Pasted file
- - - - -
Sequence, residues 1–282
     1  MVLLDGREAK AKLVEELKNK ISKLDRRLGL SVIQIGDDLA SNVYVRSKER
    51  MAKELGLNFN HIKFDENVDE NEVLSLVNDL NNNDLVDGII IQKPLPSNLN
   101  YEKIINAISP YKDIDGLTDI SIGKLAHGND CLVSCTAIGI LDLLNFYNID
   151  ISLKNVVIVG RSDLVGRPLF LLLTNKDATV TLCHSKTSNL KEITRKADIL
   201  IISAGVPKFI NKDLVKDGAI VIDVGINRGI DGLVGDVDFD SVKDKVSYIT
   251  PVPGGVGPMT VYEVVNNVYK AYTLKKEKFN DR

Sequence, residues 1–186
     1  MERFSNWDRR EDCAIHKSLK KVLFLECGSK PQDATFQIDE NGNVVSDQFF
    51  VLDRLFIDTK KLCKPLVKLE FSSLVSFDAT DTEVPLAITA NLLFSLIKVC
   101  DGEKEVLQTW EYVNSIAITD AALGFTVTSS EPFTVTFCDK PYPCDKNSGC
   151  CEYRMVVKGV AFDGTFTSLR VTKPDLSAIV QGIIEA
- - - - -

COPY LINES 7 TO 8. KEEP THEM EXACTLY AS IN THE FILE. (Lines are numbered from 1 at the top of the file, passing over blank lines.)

   251  PVPGGVGPMT VYEVVNNVYK AYTLKKEKFN DR

Sequence, residues 1–186